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Zack Lynch is author of The Neuro Revolution: How Brain Science Is Changing Our World (St. Martin's Press, July 2009).
He is the founder and executive director of the Neurotechnology Industry Organization (NIO) and co-founder of NeuroInsights. He serves on the advisory boards of the McGovern Institute for Brain Research at MIT, the Center for Neuroeconomic Studies, Science Progress, and SocialText, a social software company. Please send newsworthy items or feedback - to Zack Lynch.
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March 22, 2004

Journal of Neural Engineering Launches

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Posted by Zack Lynch

Providing more evidence that neurotechnology industry is emerging, the Journal of Neural Engineering launched this month:

The goal of this journal is to establish a new forum for the interdisciplinary field of neural engineering where neuroscientists, neurobiologists and engineers can publish their work in one periodical that bridges the gap between neuroscience and engineering. The new journal will publish full length articles in the field of neural engineering at the molecular, cellular and systems levels.

This month's inaugural journal contains over 30 papers covering such topics as:

1. Why we need a new journal in neural engineering
2. fMRI signal changes during visual stimulation
3. Control of phase synchronization of neuronal activity in rat hippocampus
4. A versatile all-channel stimulator for electrode arrays, with real-time control

This first article is an editorial that provides more detail why the Journal of Neural Engineering is unique and important:

"Understanding how the brain works is considered the ultimate frontier and challenge in science. The complexity of the brain is so great that understanding even the most basic functions will require that we fully exploit all the tools currently at our disposal in science and engineering and simultaneously develop new methods of analysis. While neuroscientists and engineers from varied fields such as brain anatomy, neural development and electrophysiology have made great strides in the analysis of this complex organ, there remains a great deal yet to be uncovered...The ability to successfully interface the brain with external electronics would have enormous implications for our society and facilitate a revolutionary change in the quality of life of persons with sensory and/or motor deficits.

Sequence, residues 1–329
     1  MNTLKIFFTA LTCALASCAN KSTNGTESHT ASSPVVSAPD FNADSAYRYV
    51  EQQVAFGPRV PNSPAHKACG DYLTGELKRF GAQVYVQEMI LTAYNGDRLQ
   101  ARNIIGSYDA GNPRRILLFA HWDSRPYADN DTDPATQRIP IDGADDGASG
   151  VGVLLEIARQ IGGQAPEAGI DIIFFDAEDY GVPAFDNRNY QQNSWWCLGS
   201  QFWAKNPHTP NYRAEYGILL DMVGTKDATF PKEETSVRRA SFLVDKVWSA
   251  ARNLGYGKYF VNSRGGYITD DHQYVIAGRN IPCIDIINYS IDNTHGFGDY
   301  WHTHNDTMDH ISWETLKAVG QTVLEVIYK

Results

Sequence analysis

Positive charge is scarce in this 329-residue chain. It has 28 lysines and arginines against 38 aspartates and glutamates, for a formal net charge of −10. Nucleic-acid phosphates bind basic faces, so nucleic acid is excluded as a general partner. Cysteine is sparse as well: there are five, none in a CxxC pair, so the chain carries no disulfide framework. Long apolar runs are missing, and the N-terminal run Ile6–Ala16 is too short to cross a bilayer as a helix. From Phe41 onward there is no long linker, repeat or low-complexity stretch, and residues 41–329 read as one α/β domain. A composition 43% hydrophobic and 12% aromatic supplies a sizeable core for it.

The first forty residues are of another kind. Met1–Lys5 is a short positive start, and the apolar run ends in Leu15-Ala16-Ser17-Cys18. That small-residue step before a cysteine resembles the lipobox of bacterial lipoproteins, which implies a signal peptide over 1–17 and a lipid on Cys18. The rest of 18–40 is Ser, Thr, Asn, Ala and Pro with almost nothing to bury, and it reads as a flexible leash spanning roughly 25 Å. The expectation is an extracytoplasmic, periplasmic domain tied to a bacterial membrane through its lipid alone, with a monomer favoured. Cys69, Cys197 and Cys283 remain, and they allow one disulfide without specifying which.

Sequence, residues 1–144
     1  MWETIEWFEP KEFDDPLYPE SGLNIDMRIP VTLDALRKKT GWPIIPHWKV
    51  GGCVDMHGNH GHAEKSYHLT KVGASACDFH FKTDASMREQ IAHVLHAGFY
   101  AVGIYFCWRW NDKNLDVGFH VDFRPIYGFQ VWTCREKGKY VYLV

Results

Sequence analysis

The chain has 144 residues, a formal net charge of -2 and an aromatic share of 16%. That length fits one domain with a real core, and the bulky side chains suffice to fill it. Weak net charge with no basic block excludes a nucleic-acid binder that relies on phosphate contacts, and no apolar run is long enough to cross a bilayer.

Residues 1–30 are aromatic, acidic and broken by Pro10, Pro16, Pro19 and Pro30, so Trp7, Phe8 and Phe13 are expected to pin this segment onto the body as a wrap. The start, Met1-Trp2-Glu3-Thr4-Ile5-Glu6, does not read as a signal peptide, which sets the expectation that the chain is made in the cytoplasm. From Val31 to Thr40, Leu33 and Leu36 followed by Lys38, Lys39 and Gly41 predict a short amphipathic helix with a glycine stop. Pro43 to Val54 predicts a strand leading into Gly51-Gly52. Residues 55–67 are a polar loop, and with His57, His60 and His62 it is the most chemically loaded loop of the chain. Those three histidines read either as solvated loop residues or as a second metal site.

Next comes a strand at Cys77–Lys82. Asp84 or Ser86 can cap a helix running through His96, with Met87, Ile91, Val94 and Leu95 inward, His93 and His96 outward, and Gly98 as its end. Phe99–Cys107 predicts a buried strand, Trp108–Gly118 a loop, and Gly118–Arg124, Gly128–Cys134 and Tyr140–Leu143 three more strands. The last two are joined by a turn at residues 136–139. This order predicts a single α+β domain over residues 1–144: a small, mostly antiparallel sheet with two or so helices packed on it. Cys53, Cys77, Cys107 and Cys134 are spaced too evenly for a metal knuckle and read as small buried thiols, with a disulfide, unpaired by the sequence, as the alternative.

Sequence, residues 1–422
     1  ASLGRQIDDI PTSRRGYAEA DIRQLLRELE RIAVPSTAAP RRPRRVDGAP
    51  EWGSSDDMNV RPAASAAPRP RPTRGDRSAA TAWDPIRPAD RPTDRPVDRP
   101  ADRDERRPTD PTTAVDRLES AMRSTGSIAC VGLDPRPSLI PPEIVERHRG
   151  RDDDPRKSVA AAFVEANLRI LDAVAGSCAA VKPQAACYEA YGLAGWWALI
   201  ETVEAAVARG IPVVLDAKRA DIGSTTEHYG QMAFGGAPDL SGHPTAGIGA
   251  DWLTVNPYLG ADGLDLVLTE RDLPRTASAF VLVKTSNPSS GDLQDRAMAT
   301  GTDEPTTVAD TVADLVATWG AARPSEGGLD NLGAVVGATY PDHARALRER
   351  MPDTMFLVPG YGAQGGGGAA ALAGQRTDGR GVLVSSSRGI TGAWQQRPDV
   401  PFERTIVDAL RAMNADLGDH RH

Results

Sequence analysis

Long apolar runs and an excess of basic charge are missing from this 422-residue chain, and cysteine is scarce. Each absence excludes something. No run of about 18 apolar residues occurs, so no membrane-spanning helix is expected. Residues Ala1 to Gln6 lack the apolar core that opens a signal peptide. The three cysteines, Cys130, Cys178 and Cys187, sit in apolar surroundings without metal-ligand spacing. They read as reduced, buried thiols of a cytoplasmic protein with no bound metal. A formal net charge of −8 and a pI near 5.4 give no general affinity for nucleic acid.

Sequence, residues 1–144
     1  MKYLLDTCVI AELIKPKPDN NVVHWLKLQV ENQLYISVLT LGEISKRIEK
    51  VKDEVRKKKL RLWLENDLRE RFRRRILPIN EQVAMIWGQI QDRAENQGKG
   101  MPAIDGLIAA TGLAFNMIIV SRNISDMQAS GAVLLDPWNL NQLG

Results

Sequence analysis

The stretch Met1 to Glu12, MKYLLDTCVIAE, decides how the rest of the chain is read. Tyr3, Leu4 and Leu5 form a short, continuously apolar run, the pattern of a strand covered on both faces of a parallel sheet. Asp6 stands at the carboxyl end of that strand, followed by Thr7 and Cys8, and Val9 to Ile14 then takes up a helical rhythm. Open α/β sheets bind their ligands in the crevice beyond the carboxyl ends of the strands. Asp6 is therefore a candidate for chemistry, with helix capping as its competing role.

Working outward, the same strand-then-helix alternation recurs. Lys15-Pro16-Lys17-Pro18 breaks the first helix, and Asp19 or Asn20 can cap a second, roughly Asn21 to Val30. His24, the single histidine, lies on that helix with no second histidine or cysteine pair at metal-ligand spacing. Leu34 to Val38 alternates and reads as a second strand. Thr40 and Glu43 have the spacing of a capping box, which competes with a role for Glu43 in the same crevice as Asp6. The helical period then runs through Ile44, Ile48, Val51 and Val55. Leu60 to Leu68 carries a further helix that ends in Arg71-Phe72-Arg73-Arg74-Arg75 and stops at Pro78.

Microelectrode technology represents the initial step towards this goal and has already improved the quality of life of many patients, as is evident from the success of auditory prostheses. The cost to society of neurological disorders such as stroke, Parkinson's disease, Alzheimer's disease and epilepsy is staggering. Stroke, which is the third leading cause of death in North America, runs up costs of $40 billion to society per year for its treatment. Costs associated with brain disorders are estimated at $285 billion. Breakthroughs in this field will have a significant impact on the market for enabling technologies. The market for neurological medical devices totaled $2 billion in 1999 and is projected to grow at a rate of 20 to 30% in the next ten years, far outpacing the market for cardiac devices.

Clearly this journal will play an important role in supporting the development of the basic science underlying the neuroelectronic sector of the neurotechnology industry. While this is definitely important in the near term, it remains equally important that the neurobiologic sector of the neurotechnology industry sector to also define itself as this is where an increasingly larger number of breakthroughs for neurological diseases and disorders will emerge in the long term. The best example of this is how audioceuticals will surpass the effectives of cochlear implants for the hearing impaired within the next decade.

Note: Thanks to James Canton at the Institute for Global Futures for bringing this to my attention.


Comments (1) + TrackBacks (0) | Category: Neurotech Industry


COMMENTS

1. JB Conner on March 23, 2004 10:41 AM writes...

Further evidence of the arrival of neuroethics in Pennsylvania Gazette, Penn's alumni magazine. Interesting reference to work of Brit Chance. Chance's (and others', including Daryl Hochman at Duke) cheap, easy to use optical methods provide the possibility of moving neuromonitoring technology outside the realm of MRI and to wider use.

"Who's Minding Your Brain"
http://www.upenn.edu/gazette/0104/frith1.html

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